Year-End Charitable Giving and the Pandemic
By A. Scott White, CFP®, ChFC®, CLU®
President, Scott White Advisors
During this time of year, I frequently get questions about year-end charitable contributions. And that’s not surprising; although many donors make charitable gifts throughout the year, the majority of donations are made in the fourth quarter.
This year, donors may be influenced by COVID-19 as they make their charitable decisions. Some donors want to fund programs that help people whose lives have been affected by the pandemic. Food banks, community service providers, and health clinics for the underserved are receiving support from donors wanting to make a difference for families and individuals who have lost jobs or whose resources have declined due to COVID-19. According to the Chronicle of Philanthropy, nonprofits have seen significant increases in demand for services.
Recent tax law changes have affected giving trends. Fewer taxpayers are able to reduce their taxes by making deductible contributions, because many filers are better off taking the standard deduction rather than itemizing. The Coronavirus Aid, Relief, and Economic Security Act (CARES) however, allows taxpayers taking the standard deduction to claim up to $300 in charitable deductions as well. To qualify, donations must be made to a registered nonprofit organization with a 501(c)(3) designation from the IRS.
Since the laws changed, many taxpayers don’t have enough itemized deductions to exceed the standard deduction. To exceed the standard deduction, one tax-efficient strategy is ‘bunching’—where multiple years of deductions are grouped into a single year. Bunching is a way to increase your charitable giving in this tax year to help you exceed the standard deduction.
You can ‘bunch’ a few years of charitable contributions by utilizing a charitable donor-advised fund. By donating more than one year of charitable contributions to a donor-advised fund, you can deduct the full amount of the donation this year—resulting in a larger charitable deduction for this year. By using a donor-advised fund to bunch multiple years’ worth of donations in a single year, you can receive maximum tax benefits for your charitable contributions.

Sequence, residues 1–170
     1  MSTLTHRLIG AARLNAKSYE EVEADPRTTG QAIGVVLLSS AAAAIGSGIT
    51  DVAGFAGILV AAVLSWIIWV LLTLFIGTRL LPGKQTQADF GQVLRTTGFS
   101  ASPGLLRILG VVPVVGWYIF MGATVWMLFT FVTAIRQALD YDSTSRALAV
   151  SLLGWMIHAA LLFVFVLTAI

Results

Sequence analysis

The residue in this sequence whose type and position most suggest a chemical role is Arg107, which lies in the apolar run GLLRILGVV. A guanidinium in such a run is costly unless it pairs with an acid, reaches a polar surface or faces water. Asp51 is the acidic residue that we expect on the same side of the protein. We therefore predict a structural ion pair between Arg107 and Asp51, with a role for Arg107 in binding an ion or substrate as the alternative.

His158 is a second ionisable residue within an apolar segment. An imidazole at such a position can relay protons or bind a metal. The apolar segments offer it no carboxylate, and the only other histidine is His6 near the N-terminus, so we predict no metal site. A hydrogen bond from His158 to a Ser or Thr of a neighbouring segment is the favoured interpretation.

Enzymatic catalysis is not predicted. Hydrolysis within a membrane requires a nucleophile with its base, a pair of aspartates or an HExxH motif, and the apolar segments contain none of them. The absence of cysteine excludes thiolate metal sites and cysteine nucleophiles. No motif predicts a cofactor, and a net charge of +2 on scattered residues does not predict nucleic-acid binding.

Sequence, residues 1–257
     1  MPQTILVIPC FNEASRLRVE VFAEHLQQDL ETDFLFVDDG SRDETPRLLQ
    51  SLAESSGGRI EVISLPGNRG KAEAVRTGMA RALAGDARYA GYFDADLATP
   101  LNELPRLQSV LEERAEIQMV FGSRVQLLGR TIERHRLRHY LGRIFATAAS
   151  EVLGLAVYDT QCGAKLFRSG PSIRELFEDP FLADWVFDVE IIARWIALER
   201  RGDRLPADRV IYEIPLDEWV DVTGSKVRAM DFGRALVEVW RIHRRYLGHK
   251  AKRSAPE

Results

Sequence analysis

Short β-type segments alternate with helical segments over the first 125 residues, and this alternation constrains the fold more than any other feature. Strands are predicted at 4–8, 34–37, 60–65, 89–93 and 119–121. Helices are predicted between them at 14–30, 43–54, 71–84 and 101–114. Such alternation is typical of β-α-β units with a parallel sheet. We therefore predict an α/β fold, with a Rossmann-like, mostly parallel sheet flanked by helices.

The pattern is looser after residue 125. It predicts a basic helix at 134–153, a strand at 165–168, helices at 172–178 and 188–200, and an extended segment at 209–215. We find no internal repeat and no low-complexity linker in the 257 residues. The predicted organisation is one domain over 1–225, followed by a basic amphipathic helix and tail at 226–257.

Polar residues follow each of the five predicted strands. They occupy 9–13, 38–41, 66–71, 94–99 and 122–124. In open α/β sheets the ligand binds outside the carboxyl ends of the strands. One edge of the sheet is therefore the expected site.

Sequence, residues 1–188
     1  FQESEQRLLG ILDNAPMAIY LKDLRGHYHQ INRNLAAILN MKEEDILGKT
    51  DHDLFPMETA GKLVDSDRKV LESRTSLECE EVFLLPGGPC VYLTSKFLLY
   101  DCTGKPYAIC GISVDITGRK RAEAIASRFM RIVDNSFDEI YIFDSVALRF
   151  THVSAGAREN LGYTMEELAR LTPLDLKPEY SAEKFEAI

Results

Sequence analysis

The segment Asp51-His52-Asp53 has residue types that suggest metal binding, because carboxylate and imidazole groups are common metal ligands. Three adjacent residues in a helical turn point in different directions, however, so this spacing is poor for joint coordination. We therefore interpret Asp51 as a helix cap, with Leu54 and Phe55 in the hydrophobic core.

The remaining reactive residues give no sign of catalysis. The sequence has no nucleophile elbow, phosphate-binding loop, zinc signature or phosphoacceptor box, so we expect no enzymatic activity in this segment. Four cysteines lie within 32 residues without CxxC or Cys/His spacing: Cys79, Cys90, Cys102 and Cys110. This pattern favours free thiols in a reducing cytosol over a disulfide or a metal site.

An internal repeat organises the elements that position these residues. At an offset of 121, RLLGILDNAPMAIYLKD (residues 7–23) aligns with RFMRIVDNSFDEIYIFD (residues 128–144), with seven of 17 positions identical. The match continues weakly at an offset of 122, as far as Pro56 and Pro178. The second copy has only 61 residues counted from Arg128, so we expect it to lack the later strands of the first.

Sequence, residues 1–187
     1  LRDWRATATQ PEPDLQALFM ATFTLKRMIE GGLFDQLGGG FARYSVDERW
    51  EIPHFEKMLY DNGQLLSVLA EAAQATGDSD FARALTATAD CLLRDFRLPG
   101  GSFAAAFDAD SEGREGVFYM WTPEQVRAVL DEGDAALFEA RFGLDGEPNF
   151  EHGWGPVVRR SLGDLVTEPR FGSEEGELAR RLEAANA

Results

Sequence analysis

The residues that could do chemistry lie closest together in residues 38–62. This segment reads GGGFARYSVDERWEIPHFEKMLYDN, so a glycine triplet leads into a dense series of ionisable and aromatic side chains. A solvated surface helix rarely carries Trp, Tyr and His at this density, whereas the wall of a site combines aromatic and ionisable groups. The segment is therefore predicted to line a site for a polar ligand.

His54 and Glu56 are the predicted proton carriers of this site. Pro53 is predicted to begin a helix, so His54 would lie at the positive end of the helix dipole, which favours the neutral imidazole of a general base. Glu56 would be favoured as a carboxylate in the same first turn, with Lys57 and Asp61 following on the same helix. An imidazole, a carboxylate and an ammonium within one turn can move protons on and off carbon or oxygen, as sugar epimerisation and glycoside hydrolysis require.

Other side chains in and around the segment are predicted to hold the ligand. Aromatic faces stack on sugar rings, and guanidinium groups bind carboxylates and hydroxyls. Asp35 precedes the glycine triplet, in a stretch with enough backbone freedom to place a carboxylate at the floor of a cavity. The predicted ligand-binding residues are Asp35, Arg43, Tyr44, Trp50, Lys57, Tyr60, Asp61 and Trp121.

When you contribute gifts to a charity through a donor-advised fund, you become eligible to take an immediate tax deduction and then make grant recommendations to qualified charitable organizations in a time frame that works for you—whether that’s all in one year, or over several years. Also, the funds in your donor-advised fund have the potential to grow tax-free.
Raymond James Charitable manages donor-advised funds for many of my clients. This year it entered into a partnership with the Center for Disaster Philanthropy (CDP), a national resource dedicated to helping donors maximize their impact by making more intentional disaster-related giving decisions. CDP keeps close contact with non-profit agencies worldwide and has firsthand knowledge of exactly how funds are being used by these organizations during a crisis. CDP has recommended a list of organizations for our donors to consider as the best options for providing relief as it relates to the pandemic. That list is available on the Raymond James Charitable website1.
The Funding for Coronavirus (COVID-19) site is another valuable resource that shares the many ways funders have already responded to COVID-19.2 Updated frequently, the page offers the latest information, including published requests for proposal submitted for emergency financial resources for individuals and small businesses facing hardships, as well as new funds established specifically in response to the pandemic.
Regardless whether your year-end gifts will include supporting services related to COVID-19 or other types of nonprofits, planning your donation strategy now will give you time to make tax-efficient gifts that reflect what matters to you and your family.
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Please note, changes in tax laws may occur at any time and could have a substantial impact upon each person’s situation. While we are familiar with the tax provisions of the issues presented here in, as Financial Advisors of RJFS, we are not qualified to render advice on tax or legal matters. You should discuss tax or legal matters with the appropriate professional.